Calling for More Transparency from the Evangelical Council for Financial Accountability

Rob Smith continues to raise questions for the Evangelical Council for Financial Accountability. In a column this morning, Smith asks: Why is ECFA certifying churches without requiring the same public disclosure as non-churches?
While Smith believes the government should not insist on wider disclosure, he believes the ECFA should insist on a similar level of disclosure from the organizations who are accredited by the organization. Lack of transparency should be a red flag about the church and about the ECFA.
While they may be above it all, the comments at the petition continue to sharply criticize the Evangelical Council for Financial Accountability for their handling of the various problems at Mars Hill Church. The ECFA remains silent in the face of nearly 140 signers as of this morning.
The comments bluntly call on the ECFA to drop Mars Hill and restore credibility to ECFA accreditation.
Former member Sara Brinton said:

We were members at Mars Hill for 10+ years. Through those years, we gave sacrificially. Although my husband had a good corporate job, there were lots of months we struggled to afford groceries because of the amount we were giving to the church. Mars Hill taught us that this was the right thing to do. We gave because we thought we were on mission – that we shared a genuine desire to see people in our city and around the world meet Jesus. We are devastated as more and more of the truth comes out. We are angry and we feel we have been deceived by a church that was misusing funds and taking advantage of orphans and widows.

James Petroski wrote:

The ECFA seal means nothing if MHC is allowed to receive a positive rating by the organization.

Jim Caldwell wrote:

The financial integrity of every entity effects every other group in the ECFA.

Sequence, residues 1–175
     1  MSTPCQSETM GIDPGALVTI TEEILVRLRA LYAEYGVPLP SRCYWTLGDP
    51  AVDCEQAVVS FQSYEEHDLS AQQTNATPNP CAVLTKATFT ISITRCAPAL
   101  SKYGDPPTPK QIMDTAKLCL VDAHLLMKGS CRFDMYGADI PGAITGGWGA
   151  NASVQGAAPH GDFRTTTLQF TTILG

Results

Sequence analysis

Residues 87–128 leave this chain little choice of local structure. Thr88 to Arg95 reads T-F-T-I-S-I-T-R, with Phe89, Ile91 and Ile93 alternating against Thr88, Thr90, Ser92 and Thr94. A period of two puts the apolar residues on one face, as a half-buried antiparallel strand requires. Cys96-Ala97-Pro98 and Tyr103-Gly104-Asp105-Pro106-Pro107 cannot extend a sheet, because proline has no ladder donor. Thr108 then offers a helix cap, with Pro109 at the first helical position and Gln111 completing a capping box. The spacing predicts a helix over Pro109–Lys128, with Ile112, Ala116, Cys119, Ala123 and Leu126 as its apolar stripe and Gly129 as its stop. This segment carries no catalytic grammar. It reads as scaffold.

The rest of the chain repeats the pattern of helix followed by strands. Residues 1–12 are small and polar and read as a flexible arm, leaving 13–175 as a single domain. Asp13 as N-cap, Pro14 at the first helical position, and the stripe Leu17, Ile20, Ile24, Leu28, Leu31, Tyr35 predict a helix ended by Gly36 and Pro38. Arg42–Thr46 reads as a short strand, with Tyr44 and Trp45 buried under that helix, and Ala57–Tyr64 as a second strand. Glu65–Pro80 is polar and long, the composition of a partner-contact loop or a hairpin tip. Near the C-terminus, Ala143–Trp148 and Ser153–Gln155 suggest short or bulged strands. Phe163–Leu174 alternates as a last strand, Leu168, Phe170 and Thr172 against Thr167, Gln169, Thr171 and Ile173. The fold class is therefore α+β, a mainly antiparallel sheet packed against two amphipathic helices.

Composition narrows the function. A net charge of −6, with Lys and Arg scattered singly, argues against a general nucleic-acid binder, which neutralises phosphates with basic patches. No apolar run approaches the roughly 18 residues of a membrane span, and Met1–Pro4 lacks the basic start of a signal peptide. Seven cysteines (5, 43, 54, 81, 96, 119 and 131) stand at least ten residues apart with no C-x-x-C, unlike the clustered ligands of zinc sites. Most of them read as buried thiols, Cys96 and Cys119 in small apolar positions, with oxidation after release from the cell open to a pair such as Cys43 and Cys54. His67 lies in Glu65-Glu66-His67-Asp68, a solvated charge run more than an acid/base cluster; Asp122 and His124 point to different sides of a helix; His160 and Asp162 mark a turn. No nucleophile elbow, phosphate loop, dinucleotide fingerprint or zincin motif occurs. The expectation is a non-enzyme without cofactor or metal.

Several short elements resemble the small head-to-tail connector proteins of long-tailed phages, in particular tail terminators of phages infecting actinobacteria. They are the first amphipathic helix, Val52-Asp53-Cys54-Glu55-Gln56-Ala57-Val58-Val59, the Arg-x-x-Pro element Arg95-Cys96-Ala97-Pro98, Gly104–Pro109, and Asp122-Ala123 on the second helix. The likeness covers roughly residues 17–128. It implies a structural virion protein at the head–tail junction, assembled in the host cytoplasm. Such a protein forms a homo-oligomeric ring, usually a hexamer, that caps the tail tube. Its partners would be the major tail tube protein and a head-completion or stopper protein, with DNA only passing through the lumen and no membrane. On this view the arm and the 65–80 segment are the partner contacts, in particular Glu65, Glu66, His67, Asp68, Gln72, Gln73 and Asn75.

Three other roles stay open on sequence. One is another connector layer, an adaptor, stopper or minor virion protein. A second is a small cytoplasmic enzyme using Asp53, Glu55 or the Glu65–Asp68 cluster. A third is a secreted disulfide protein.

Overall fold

Al Doyle wrote:

Over the years, as a donor, I have relied on ECFA to vet and authenticate the practices of Christian professing non-profit organizations. As a former Board member of more than one 501 (c ) 3 organizations, I have relied on ECFA guidelines to shape financial practices. This is a very public and egregious situation that needs immediate investigation and attention with the intent to protect the interests of the hundred of faithful donors giving to a cause that may be misrepresented.

Stephanie Hopkins:

I listened to MH sermons while attending a healthy church for years. After moving to Seattle, I attended MH-Ballard for most of 2011. I was deeply concerned and disgusted by what appeared to me to be deceptive fundraising campaigns and exorbitant spending practices for a church once I was attending and part of their communication network. What stood out most was an email at the end of the year thanking us for helping meet budget after a month of pleas for funds specifically to help a list of projects and open four new campuses – nothing about the fundraising goal amount being something like half regular budget was mentioned until we were told that is what the money raised was going to first and that anything extra in the next few days would actually go to the projects we’d been receiving emails and messages about the funds going to all month. I stopped giving and eventually attending specifically because it seemed to me that their financial practices were opaque and deceptive. Unless and until the ECFA removes MHC, I can be nothing but suspicious and skeptical of their endorsement of any organization or church. As long as MHC is endorsed by the ECFA I can only believe that their endorsement is nothing more than a purchased rubber stamp.